Most of the time, men won’t just leave it alone. They feel entitled to a ‘yes’, a phone number, sex. So they go on the ‘chase’. When fragile men experience rejection there is an immediate scramble to retrieve their masculinity. The mildest response that I know most women will have heard at some point is always just some random insult: “you’re fat anyways”; “I was trying to be nice, you’re a 4 on a good day”; “you’re ugly anyway”; “I was just trying to get to your friend to be honest. Some dumb sh*t like that that always makes you think “I didn’t approach you. I didn’t want to talk to you. You came over to me”. Men don’t seem to comprehend the fact that rejection is not an insult. Women are simply not interested.
For most women who have experienced this, they definitely could have experienced a lot worse. Mary Spears was 27 years old when she was shot and killed by a man for refusing to give him her number. This is not an isolated incident. Not only do we see women getting murdered on the news and in stories for rejecting men but it’s so ingrained into our society that women are taught to expect it. For most people, the instinctive response is “she should’ve just given him the number because it would’ve been easier” – as if it was Spears’ and every other victim’s fault they were murdered. As if they wanted to be murdered. Women everywhere just want to be able to say no and not get killed for it.
It is beyond clear that fragile men are more likely to use violence and aggression to assert their ‘masculinity’. This also results in the habitual abuse of their romantic partners, mothers, children and even siblings. The impact that his has – not just on the individual victims – on society overall is major. Domestic violence directly contributes to the oppression of women because women are cut off from society and have little to no access to resources. So they are entirely reliant on their abusive male partner.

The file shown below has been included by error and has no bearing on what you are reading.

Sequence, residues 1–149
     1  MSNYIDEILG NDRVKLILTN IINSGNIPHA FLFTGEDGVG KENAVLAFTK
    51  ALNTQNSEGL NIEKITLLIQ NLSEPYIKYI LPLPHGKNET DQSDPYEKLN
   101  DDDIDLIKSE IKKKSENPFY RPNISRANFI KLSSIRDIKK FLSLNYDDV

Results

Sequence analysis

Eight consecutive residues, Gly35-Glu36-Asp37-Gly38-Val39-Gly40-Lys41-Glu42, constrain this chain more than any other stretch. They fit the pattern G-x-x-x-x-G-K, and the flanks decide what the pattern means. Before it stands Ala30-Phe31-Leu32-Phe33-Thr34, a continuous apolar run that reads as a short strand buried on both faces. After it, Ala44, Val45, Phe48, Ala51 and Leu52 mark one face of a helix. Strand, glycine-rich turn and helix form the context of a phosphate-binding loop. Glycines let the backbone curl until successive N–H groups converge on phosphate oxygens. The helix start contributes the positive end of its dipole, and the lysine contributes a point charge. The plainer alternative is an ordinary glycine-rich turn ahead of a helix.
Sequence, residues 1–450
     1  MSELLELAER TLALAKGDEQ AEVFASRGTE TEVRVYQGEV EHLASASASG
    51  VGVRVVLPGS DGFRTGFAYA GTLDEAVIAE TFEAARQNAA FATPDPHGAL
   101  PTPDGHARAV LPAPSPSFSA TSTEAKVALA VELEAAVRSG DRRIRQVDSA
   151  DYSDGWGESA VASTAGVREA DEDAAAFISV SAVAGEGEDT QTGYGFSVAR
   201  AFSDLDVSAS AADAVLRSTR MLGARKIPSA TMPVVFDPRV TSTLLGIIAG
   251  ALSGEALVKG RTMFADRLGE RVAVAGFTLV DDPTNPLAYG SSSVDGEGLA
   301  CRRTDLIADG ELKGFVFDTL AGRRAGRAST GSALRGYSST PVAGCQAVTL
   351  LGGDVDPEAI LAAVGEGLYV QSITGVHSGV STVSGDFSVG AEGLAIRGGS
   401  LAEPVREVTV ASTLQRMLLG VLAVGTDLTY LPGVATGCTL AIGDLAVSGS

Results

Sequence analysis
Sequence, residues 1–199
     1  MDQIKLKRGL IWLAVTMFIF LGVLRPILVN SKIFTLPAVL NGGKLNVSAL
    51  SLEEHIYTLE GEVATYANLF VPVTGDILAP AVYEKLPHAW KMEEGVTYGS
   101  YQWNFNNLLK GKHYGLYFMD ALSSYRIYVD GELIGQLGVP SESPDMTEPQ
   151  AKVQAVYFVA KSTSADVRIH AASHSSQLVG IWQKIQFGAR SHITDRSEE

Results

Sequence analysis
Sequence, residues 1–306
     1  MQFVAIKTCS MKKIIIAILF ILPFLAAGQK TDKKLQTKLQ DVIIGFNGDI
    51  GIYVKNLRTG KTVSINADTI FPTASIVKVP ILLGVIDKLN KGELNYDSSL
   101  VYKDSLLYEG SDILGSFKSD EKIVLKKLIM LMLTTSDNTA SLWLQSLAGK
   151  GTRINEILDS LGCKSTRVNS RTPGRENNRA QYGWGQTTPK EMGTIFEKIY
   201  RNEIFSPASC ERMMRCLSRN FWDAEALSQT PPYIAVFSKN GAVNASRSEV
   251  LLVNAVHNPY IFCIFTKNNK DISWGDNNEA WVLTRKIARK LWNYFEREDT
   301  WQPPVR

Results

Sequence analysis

Fragile masculinity also contributes to fundamentally every other form of conflict known to humanity. War, shootings, terrorism, bar fights can always be traced back to a man who was insecure in his manhood. These men are overcompensating for their ‘lack’ of masculinity by committing heinous and violent crimes against others.
Another example is hate crimes directed at minorities. Over 75% of people who commit hate crimes are men. These men definitely have fragile masculinity. Any threat to their social superiority (their sexuality, their dominance, their gender, their influence, their power in society) is considered a threat to their masculinity. These men will murder trans people for being trans, gay men for being gay, lesbians for being lesbians and then they’ll complain that everyone else is just far too sensitive about it.
Fragile men don’t just have to murder. They make rape jokes. They make homophobic comments. They insult women and make sexist comments. They use slurs. They invent fake sexual orientations to overcompensate for insecurities in their sexuality.
Men’s Mental Health